Wed, Oct 15, 2003 - Page 1 News List

US wants deadline for timetable on Iraqi constitution


The US has called for a vote this week on a new resolution that would set a Dec. 15 deadline for Iraq's Governing Council to submit a timetable for drafting a constitution and holding elections, while in Baghdad yesterday, a car bomb exploded near the Turkish Embassy.

The revised US draft doesn't meet the key demand of France, Germany, Russia and Secretary-General Kofi Annan for a quick handover of power to an Iraqi provisional government within months.

US President George W. Bush's main aim in seeking a new resolution is to get more countries to contribute troops and money to stabilize and rebuild Iraq. The resolution would authorize a multinational force -- sought by some potential troop contributing nations -- led by the US.

Even if there are no further changes, the resolution is likely to get the minimum nine "yes" votes needed for adoption. France has ruled out using its veto -- but some council members are concerned at the mixed message the council would send if the resolution was only approved by a slim margin.

The revised resolution would give the UN a larger role in Iraq's political transition to a democracy, but the world body would not be able to act independently of the US-led coalition now running the country as Annan has sought.

The Bush administration revised the draft for a third time in hopes of addressing the concerns of key council nations and sending a unanimous message to Iraqis and the international community on the Security Council's vision for postwar Iraq.

The initial reactions were mixed.

Germany's Foreign Minister Joschka Fischer called the draft "a step in the right direction," while France's Foreign Minister Dominique de Villepin said more analysis was needed of the changes, which essentially call for a timetable to come up with a timetable.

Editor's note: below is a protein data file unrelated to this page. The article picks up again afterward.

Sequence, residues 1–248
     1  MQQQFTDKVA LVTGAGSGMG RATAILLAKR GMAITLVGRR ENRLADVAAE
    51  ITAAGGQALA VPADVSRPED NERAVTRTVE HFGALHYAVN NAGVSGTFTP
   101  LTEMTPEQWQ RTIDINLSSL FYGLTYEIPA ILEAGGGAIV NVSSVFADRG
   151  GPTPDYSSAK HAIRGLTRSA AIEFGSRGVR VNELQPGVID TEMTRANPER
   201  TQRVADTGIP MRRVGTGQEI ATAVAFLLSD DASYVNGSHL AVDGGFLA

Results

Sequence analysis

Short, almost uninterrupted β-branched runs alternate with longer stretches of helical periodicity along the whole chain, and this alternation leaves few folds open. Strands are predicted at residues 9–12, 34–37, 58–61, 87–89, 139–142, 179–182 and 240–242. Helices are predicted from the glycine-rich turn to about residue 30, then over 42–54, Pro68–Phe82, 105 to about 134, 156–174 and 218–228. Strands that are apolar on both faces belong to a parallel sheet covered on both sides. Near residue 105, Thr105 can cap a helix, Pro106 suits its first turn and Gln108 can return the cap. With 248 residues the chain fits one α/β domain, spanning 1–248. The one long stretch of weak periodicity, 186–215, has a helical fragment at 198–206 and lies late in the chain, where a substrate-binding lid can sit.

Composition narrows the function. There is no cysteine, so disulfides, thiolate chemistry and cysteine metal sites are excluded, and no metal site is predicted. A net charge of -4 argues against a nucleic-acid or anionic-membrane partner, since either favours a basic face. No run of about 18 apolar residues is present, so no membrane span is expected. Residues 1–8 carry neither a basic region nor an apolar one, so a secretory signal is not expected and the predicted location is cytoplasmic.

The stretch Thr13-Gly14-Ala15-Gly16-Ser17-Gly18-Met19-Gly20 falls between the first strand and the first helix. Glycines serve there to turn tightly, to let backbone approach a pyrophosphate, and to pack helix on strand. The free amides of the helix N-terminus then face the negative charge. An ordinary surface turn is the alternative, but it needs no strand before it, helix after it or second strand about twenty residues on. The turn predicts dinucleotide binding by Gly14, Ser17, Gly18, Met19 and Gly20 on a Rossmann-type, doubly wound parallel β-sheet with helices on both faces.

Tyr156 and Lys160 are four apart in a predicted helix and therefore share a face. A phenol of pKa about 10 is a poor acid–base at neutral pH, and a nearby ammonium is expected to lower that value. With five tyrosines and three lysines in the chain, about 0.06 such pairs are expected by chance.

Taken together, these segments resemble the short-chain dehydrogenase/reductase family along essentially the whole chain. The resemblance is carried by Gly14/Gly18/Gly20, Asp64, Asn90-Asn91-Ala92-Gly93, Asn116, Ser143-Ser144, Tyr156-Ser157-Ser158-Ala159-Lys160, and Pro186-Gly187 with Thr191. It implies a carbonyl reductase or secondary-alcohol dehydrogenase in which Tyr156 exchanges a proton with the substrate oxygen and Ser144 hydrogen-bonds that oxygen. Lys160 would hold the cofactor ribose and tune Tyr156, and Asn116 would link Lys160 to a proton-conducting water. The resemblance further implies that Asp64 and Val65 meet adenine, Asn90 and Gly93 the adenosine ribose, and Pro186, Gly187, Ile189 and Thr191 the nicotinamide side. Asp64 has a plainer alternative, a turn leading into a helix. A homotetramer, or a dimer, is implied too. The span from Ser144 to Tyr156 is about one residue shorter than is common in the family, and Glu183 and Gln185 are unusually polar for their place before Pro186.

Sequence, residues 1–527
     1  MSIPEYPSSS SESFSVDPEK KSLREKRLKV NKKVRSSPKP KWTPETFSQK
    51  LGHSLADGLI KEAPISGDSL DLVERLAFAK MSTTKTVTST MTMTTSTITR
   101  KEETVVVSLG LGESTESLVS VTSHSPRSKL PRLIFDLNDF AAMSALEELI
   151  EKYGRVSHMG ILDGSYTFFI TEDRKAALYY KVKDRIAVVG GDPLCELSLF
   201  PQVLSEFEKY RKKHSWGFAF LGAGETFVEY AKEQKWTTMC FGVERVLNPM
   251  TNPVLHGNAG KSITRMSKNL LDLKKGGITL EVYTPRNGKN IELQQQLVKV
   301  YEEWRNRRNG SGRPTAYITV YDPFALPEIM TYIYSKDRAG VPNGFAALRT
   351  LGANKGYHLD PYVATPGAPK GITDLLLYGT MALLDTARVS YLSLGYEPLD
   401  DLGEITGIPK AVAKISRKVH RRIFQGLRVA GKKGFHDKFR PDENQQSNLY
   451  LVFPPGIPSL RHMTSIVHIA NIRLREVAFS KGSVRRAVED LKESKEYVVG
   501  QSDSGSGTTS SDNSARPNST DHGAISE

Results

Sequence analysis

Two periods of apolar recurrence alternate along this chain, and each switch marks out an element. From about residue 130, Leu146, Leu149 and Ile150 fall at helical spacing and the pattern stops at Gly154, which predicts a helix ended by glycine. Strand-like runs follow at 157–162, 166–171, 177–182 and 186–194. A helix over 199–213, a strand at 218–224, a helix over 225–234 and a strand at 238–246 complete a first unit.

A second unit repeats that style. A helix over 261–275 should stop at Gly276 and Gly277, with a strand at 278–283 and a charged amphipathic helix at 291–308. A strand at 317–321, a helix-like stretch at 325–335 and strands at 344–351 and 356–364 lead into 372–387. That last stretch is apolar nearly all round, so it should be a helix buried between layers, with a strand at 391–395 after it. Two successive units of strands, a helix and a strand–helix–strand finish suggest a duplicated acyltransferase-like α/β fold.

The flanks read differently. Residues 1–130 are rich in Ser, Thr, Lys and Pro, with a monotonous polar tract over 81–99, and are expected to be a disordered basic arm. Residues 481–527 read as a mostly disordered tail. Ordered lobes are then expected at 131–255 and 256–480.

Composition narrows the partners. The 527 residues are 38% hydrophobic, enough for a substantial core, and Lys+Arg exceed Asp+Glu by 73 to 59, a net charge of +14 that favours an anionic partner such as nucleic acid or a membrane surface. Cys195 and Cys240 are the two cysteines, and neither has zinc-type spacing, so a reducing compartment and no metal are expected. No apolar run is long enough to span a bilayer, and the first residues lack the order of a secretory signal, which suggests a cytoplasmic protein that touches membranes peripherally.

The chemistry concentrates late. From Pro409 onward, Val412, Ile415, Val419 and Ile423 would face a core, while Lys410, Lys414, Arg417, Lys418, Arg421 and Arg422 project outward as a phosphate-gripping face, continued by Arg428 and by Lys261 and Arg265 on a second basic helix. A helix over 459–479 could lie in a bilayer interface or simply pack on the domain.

In Beijing, a Chinese Foreign Ministry spokeswoman said yesterday that China was studying the contents of the US draft. The spokeswoman, Zhang Qiyue (章啟月), said, "China supports a new resolution to help Iraq realize security and stability immediately and return sovereignty to Iraq's people as quickly as possible. ... We hope the United Nations will have an increased role."

In Malaysia, foreign ministers at the world's biggest gathering of Islamic countries reacted coolly.

"If we look back at the Security Council debates, we must be pessimistic," Saudi Arabian Foreign Minister Prince Saud al-Faisal said on the sidelines of the Organization of the Islamic Council summit.

"They have debated international law, the balance of power and everything else under the sun, except what Iraq needs. We hope these things will be reversed this time," he said.

Meanwhile, a car bomb exploded yesterday near the Turkish Embassy, killing the driver and injuring two staff members, the US military said.

It was the second fatal car bombing in the Iraqi capital in three days.

A concrete security barrier close to the embassy absorbed most of the blast and prevented further damage and injuries, US officials said.

A US military spokesman said an explosion occurred about 500m from the embassy.

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